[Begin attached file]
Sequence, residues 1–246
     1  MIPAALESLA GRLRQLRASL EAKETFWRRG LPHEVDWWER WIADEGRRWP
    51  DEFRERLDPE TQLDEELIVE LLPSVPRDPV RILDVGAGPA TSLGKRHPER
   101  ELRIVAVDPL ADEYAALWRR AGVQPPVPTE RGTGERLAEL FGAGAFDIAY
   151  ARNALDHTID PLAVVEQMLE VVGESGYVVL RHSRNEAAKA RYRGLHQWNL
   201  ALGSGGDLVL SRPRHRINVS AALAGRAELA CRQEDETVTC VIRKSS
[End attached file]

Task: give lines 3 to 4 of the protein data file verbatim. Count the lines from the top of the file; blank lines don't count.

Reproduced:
    51  DEFRERLDPE TQLDEELIVE LLPSVPRDPV RILDVGAGPA TSLGKRHPER
   101  ELRIVAVDPL ADEYAALWRR AGVQPPVPTE RGTGERLAEL FGAGAFDIAY